It is not hard to see how this sets up a situation which encourages suppression of evidence. This can be observed in practice when seemingly iron-clad cases suddenly and inexplicably collapsed. On the other hand, evidence could be in favour of or even exonerate defendants. In which case suppression of it amounts to a miscarriage of justice.

It is the latter that appears to have happened in the case of Operation Aeroscope. Taking at face value that the senior investigating officers were kept mostly in the dark about Kennedy’s identity, it is not hard to see how his alter ego, ‘Mark Stone’, would have been of particular interest to the police carrying out the investigation into the arrested campaigners. This is supported in part by Kennedy’s own admission in an interview that to the average Nottingham police officer he was only ever ‘Mark Stone’, a thorn in their side.[2]Simon Hattenstone, Mark Kennedy: Confessions of an undercover cop, The Guardian, 26 March 2011 (accessed 28 August 2016). To maintain his cover from the Aeroscope team in general (as opposed to the few in on the secret) he could not be seen to get special treatment, so it is likely he was interviewed and re-interviewed to keep his cover intact.

Nevertheless, he is clearly a key person in the planning of the action, carrying out reconnaissance and as participants have told us, actively encouraging it to go ahead following the spotting of police cars at the power station, which potentially casts him as an agent provocateur. One of those at the meetings in the school the night of the arrests told us they recalled him saying during the discussions as to whether to go ahead, “We can do it, we can be there all week.”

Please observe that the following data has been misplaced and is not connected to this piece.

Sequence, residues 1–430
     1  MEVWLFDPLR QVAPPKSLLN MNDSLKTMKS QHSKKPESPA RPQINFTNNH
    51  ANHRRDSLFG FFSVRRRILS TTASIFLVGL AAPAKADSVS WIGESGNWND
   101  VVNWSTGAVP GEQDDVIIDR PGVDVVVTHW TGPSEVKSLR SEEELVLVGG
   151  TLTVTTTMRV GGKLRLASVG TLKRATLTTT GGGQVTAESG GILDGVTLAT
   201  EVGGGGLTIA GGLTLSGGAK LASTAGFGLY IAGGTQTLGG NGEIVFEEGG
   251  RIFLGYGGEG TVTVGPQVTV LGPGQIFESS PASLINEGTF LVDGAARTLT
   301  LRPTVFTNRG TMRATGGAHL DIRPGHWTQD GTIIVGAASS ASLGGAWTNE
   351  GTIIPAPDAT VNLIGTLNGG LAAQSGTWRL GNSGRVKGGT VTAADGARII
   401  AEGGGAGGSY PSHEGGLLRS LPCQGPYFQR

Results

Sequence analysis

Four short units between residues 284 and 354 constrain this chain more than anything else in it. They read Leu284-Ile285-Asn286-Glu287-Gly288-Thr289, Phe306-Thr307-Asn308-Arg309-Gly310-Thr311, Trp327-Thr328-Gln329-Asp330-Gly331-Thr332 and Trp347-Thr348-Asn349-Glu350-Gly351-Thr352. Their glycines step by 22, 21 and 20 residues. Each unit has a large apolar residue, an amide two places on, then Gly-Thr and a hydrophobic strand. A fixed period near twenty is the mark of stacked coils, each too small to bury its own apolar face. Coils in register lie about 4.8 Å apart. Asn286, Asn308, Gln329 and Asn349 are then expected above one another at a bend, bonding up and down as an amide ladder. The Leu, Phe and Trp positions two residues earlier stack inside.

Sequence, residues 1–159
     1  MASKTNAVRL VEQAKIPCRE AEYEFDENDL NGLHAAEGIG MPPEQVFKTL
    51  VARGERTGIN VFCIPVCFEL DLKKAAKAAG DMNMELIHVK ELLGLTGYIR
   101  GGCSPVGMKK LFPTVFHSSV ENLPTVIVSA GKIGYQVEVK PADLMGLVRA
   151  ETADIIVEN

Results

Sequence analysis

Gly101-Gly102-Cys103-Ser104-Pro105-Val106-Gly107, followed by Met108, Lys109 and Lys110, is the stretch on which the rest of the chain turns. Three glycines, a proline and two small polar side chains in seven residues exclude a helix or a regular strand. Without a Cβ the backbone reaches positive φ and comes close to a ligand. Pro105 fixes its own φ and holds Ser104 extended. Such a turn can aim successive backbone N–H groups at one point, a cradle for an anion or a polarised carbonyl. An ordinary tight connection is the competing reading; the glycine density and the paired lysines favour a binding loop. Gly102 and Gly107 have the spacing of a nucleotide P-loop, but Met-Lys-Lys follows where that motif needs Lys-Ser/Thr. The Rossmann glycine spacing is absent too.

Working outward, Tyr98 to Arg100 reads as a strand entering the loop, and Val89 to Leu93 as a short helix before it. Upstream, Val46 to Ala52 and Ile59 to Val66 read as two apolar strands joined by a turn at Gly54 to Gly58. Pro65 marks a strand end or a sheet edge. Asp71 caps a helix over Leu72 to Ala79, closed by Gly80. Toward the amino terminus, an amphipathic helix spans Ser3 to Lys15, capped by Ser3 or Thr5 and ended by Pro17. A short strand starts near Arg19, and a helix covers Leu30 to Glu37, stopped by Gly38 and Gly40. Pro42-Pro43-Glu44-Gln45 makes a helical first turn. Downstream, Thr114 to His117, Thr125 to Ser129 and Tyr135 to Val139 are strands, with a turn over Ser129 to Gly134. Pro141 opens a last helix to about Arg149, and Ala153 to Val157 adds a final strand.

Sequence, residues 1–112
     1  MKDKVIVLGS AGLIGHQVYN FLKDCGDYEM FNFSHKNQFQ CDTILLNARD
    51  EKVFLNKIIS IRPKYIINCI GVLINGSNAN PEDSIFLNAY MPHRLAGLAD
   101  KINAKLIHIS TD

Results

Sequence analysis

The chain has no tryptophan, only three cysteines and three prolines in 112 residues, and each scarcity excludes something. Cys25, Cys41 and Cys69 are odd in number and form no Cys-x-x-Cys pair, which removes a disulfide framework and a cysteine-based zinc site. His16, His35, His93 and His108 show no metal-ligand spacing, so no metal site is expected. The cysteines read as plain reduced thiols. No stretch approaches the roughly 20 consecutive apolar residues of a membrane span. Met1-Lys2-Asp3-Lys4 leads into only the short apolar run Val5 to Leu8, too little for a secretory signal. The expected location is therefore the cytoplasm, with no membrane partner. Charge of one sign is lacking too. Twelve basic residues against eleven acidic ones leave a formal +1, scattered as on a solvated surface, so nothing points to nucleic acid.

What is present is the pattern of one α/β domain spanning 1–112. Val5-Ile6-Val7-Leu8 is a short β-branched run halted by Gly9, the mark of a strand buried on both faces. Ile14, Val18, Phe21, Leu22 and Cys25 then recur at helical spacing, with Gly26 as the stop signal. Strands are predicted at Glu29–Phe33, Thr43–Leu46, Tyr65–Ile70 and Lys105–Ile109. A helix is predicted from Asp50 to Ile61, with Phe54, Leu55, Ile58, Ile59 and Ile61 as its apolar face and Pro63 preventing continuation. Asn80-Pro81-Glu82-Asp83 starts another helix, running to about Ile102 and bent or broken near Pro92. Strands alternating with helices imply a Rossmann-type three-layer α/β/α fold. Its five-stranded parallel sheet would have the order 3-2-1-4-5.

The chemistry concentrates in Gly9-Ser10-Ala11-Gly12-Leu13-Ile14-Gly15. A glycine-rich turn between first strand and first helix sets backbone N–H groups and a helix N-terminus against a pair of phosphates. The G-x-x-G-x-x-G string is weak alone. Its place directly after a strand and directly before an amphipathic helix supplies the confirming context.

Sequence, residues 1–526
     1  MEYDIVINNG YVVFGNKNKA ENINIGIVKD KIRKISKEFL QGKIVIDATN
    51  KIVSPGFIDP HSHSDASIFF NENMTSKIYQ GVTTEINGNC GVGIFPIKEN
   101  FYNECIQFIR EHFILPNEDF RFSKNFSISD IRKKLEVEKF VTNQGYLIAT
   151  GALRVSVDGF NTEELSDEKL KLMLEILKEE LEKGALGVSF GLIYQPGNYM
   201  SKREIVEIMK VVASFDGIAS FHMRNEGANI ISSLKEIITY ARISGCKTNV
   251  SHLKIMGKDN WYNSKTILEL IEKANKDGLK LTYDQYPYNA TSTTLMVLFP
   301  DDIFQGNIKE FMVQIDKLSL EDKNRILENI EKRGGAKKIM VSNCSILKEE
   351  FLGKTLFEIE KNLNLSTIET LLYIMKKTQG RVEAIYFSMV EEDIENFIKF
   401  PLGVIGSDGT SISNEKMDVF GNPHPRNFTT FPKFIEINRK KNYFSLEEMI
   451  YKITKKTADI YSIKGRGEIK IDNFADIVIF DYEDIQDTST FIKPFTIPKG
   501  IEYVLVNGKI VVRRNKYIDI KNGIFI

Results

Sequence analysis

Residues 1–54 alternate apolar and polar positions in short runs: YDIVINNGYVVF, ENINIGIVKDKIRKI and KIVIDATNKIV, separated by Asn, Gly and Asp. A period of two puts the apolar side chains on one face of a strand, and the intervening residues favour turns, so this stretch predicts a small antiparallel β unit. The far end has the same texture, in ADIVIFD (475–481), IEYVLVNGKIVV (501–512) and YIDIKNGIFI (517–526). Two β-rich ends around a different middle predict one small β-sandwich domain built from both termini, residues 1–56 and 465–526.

Early on, attention is given to the possibility Kennedy might be arrested. A risk assessment relating to Kennedy’s involvement in the demonstration noted the possibility, saying if this happened, he would decline a solicitor and that his NPOIU controller David Hutcheson ‘will be regularly informed of the situation of UCO 133 [Kennedy] and in the event of their arrest will be immediately informed in order to liaise with Nottinghamshire Senior management and the Criminal Prosecution Service.'[3]Intelligence reports relating to 2009 planned protest at Ratcliffe-on-Soar power station, National Public Order Intelligence Unit, 2009. Accessed via SpecialBranchFiles.uk. See page 4.